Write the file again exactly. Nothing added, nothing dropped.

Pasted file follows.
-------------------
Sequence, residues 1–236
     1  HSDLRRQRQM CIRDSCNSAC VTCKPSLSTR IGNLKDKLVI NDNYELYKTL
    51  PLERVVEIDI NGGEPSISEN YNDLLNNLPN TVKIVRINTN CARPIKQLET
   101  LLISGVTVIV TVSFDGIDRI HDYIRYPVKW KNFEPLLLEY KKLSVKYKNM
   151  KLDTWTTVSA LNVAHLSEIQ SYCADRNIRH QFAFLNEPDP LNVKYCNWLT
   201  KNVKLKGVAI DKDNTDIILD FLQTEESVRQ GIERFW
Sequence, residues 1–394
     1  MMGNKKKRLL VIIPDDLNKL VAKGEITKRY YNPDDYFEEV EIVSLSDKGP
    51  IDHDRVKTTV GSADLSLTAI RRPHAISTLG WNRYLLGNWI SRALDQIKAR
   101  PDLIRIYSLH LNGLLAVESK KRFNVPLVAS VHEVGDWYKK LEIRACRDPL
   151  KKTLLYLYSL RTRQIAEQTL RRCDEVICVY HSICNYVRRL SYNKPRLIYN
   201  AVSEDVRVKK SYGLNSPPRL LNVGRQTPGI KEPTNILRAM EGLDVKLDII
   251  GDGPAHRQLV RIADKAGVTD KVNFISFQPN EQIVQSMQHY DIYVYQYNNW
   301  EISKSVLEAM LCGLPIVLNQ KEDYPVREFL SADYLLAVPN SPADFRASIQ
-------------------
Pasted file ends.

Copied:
Sequence, residues 1–236
     1  HSDLRRQRQM CIRDSCNSAC VTCKPSLSTR IGNLKDKLVI NDNYELYKTL
    51  PLERVVEIDI NGGEPSISEN YNDLLNNLPN TVKIVRINTN CARPIKQLET
   101  LLISGVTVIV TVSFDGIDRI HDYIRYPVKW KNFEPLLLEY KKLSVKYKNM
   151  KLDTWTTVSA LNVAHLSEIQ SYCADRNIRH QFAFLNEPDP LNVKYCNWLT
   201  KNVKLKGVAI DKDNTDIILD FLQTEESVRQ GIERFW
Sequence, residues 1–394
     1  MMGNKKKRLL VIIPDDLNKL VAKGEITKRY YNPDDYFEEV EIVSLSDKGP
    51  IDHDRVKTTV GSADLSLTAI RRPHAISTLG WNRYLLGNWI SRALDQIKAR
   101  PDLIRIYSLH LNGLLAVESK KRFNVPLVAS VHEVGDWYKK LEIRACRDPL
   151  KKTLLYLYSL RTRQIAEQTL RRCDEVICVY HSICNYVRRL SYNKPRLIYN
   201  AVSEDVRVKK SYGLNSPPRL LNVGRQTPGI KEPTNILRAM EGLDVKLDII
   251  GDGPAHRQLV RIADKAGVTD KVNFISFQPN EQIVQSMQHY DIYVYQYNNW
   301  EISKSVLEAM LCGLPIVLNQ KEDYPVREFL SADYLLAVPN SPADFRASIQ